MacIlduff History, Family Crest & Coats of Arms
- Origins Available:
The root of the ancient Dalriadan-Scottish name MacIlduff is an old Gaelic personal name. The Gaelic form of the name is Mac Dhuibh. 
"This noble family is derived from Fife Mac-Duff, who was a man of considerable wealth and power in Scotland temp, king Kenneth II., and gave that prince great assistance in his wars with the Picts about the year 834. His descendants, from their great dignity, were sometimes called kings of Fife, and they were entitled to place the king of Scotland on the inaugural stone, to lead the van of the royal army, and to enjoy the privilege of a sanctuary for the Clan Mac-Duff, of which he was the founder. " 
Early Origins of the MacIlduff family
The surname MacIlduff was first found in Perthshire (Gaelic: Siorrachd Pheairt) former county in the present day Council Area of Perth and Kinross, located in central Scotland.
Some believe MacDuff, the Thane of Fife, portrayed by Shakespeare as the rival of Macbeth, was a myth created by medieval writers. 
However this passage proves otherwise: "When the revolution was accomplished, in which Macbeth was bethroned and slain, Malcolm, sensible of the high services of the Thane of Fife, is said to have promised to grant the first three requests he should make. Macduff accordingly demanded (an obtained), 1st that he and his successors, Lords of Fife, should place the crown on the King's head at the coronation; 2ndly, that they should lead the vanguard of the army whenever the royal banner was displayed; and lastly, this privilege of the Clan Macduff, whereby any person, being related to Macduff within the ninth degree, and having committed homicide in chaude melé (without premeditation ) should, upon flying Macduff's Cross, and paying a certain fine, obtain remission of their guilt." 
So as to further prove the point, the first Earl of the name, Gillemichel, did emerge by the time of King David I, and he and his descendants had privileges including the right to crown the King of Scotland and to lead the Scottish army.
Furthermore, the MacDuff family traditionally crowned each monarch. But, they were opposed to Robert the Bruce, who gained the throne in 1306. Duncan MacDuff, the Earl of Fife's sister was sent to perform the task. Isabella MacDuff, Countess of Buchan (died c. 1314), sister of Duncan, Earl of Fife did crown Robert the Bruce in March 1306, much to her chagrin. Bruce was defeated at the Battle of Methven in June 1306, so he sent Isabella and other female relatives but they were betrayed Uilleam II, Earl of Ross. Edward I ordered her to be sent to Berwick-upon-Tweed to be caged as a public spectacle. She was caged for four years and is presumed to have died in captivity.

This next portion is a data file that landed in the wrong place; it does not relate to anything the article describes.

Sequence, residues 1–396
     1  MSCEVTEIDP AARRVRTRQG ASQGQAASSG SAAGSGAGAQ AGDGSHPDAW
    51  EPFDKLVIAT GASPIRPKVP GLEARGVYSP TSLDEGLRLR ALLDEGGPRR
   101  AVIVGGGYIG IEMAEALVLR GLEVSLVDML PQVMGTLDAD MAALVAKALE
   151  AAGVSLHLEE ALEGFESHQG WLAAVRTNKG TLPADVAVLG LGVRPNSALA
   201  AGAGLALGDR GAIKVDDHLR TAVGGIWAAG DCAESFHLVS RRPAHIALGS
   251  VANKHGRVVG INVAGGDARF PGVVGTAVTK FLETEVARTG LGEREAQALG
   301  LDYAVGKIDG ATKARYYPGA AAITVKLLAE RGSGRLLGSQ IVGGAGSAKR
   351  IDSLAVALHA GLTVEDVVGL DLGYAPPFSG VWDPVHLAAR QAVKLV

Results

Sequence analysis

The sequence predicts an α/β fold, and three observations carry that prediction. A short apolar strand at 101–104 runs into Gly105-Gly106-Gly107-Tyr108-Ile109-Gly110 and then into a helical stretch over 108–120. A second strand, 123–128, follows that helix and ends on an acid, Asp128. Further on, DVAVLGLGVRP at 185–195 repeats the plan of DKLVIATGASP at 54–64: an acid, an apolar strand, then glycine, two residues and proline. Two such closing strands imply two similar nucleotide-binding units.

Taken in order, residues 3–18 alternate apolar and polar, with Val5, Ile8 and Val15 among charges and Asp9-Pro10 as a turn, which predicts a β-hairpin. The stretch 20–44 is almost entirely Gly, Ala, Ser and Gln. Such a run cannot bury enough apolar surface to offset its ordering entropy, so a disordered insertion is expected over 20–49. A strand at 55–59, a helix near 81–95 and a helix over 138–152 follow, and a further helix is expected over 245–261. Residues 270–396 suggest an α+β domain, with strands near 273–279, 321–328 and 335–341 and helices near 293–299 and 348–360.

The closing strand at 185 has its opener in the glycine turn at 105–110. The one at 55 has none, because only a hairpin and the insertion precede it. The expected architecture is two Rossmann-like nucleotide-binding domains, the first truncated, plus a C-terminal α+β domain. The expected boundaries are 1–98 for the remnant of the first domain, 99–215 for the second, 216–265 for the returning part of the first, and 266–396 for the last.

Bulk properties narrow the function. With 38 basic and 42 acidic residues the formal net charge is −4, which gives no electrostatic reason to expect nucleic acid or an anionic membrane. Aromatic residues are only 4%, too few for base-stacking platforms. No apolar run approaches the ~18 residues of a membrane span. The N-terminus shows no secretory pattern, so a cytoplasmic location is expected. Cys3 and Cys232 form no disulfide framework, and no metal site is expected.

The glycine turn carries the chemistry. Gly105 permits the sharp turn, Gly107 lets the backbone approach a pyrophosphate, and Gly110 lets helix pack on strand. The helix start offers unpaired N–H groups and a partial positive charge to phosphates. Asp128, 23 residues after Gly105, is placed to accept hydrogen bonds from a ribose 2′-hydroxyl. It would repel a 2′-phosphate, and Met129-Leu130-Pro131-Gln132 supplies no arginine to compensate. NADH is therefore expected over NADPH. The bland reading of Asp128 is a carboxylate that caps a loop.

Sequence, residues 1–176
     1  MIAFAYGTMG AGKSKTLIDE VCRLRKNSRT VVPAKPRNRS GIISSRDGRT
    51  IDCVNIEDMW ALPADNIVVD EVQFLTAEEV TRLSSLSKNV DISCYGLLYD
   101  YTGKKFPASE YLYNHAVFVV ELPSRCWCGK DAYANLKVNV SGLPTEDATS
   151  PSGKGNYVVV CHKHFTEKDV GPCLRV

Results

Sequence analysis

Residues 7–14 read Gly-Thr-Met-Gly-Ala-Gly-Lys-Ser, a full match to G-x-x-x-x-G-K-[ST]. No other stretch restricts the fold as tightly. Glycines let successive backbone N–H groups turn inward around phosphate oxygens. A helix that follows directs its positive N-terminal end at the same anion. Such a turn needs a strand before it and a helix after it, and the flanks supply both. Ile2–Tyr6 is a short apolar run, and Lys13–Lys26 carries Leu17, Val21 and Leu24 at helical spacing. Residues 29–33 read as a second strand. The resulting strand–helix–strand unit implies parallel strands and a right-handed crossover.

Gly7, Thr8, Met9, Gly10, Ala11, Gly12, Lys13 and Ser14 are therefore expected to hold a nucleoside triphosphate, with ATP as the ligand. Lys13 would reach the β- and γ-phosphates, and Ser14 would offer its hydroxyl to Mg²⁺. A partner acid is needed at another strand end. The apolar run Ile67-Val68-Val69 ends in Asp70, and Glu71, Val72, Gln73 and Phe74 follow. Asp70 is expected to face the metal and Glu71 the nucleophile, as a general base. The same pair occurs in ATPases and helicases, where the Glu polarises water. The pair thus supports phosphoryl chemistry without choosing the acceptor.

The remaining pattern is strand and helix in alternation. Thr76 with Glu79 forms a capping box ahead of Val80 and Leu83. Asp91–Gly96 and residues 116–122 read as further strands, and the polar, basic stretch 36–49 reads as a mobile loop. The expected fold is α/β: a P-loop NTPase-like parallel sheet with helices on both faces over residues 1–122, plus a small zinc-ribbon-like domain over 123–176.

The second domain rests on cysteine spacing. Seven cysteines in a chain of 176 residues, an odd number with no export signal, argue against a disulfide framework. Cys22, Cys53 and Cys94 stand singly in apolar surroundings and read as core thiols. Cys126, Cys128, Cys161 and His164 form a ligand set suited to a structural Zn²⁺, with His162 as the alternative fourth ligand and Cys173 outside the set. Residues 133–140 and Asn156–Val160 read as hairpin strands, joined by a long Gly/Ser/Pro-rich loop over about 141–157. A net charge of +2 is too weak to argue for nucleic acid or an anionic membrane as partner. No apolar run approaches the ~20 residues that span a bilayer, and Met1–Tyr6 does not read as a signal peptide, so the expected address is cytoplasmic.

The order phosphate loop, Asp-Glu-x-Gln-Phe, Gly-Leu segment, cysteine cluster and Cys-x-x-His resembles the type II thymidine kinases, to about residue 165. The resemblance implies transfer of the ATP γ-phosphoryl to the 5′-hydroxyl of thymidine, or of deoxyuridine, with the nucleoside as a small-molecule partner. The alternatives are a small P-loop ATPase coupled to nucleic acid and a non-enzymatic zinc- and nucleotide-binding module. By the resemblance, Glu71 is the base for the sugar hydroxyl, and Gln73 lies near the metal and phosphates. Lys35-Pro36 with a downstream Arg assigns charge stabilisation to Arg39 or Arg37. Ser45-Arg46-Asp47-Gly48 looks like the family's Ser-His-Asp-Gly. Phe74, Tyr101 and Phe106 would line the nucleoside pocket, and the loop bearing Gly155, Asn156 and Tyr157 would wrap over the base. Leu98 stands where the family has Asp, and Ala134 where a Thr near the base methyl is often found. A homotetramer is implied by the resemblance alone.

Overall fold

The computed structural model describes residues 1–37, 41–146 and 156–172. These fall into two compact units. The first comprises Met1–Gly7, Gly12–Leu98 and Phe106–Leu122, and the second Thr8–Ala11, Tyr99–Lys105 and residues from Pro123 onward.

Lord Macduff, the Thane of Fife, is a character in William Shakespeare's Macbeth. The character kills Macbeth in the final act. It is generally thought that Shakespeare drew the character from the Holinshed's Chronicles (1587.)
Early History of the MacIlduff family
This web page shows only a small excerpt of our MacIlduff research. Another 166 words (12 lines of text) covering the years 1353, 1759, 1296, 1358, 1725 and 1889 are included under the topic Early MacIlduff History in all our PDF Extended History products and printed products wherever possible.
MacIlduff Spelling Variations
Historical recordings of the name MacIlduff include many spelling variations. They include They are the result of repeated translations of the name from Gaelic to English and inconsistencies in spelling rules. MacDuff, McDuff, MacDhuibh (Gaelic) and others.
Early Notables of the MacIlduff family (pre 1700)
Notable amongst the Clan from early times was Isobel Macduff (1296-1358), the Countess of Buchan, best known for when she left her husband, the Earl of Buchan and stole his warhorses; William Duff of Braco...
Another 35 words (2 lines of text) are included under the topic Early MacIlduff Notables in all our PDF Extended History products and printed products wherever possible.
Migration of the MacIlduff family
Descendents of Dalriadan-Scottish families still populate many communities across North America. They are particularly common in Canada, since many went north as United Empire Loyalists at the time of the American War of Independence. Much later, in the late 19th and early 20th centuries, the highland games and Clan societies that now dot North America sprang up, allowing many Scots to recover their lost national heritage. Some of the first immigrants to cross the Atlantic and come to North America bore the name MacIlduff, or a variant listed above: James MacDuff, who settled in Maryland in 1747; John MacDuff settled in Virginia in 1772.
Related Stories +
The MacIlduff Motto +
The motto was originally a war cry or slogan. Mottoes first began to be shown with arms in the 14th and 15th centuries, but were not in general use until the 17th century. Thus the oldest coats of arms generally do not include a motto. Mottoes seldom form part of the grant of arms: Under most heraldic authorities, a motto is an optional component of the coat of arms, and can be added to or changed at will; many families have chosen not to display a motto.
Motto: Deus juvat
Motto Translation: God assists.
- ^ Black, George F., The Surnames of Scotland Their Origin, Meaning and History. New York: New York Public Library, 1946. Print. (ISBN 0-87104-172-3)
- ^ Lowe, Mark Anthony, Patronymica Britannica, A Dictionary of Family Names of the United Kingdom. London: John Russel Smith, 1860. Print.
- ^ Cleveland, Dutchess of The Battle Abbey Roll with some Account of the Norman Lineages. London: John Murray, Abermarle Street, 1889. Print. Volume 2 of 3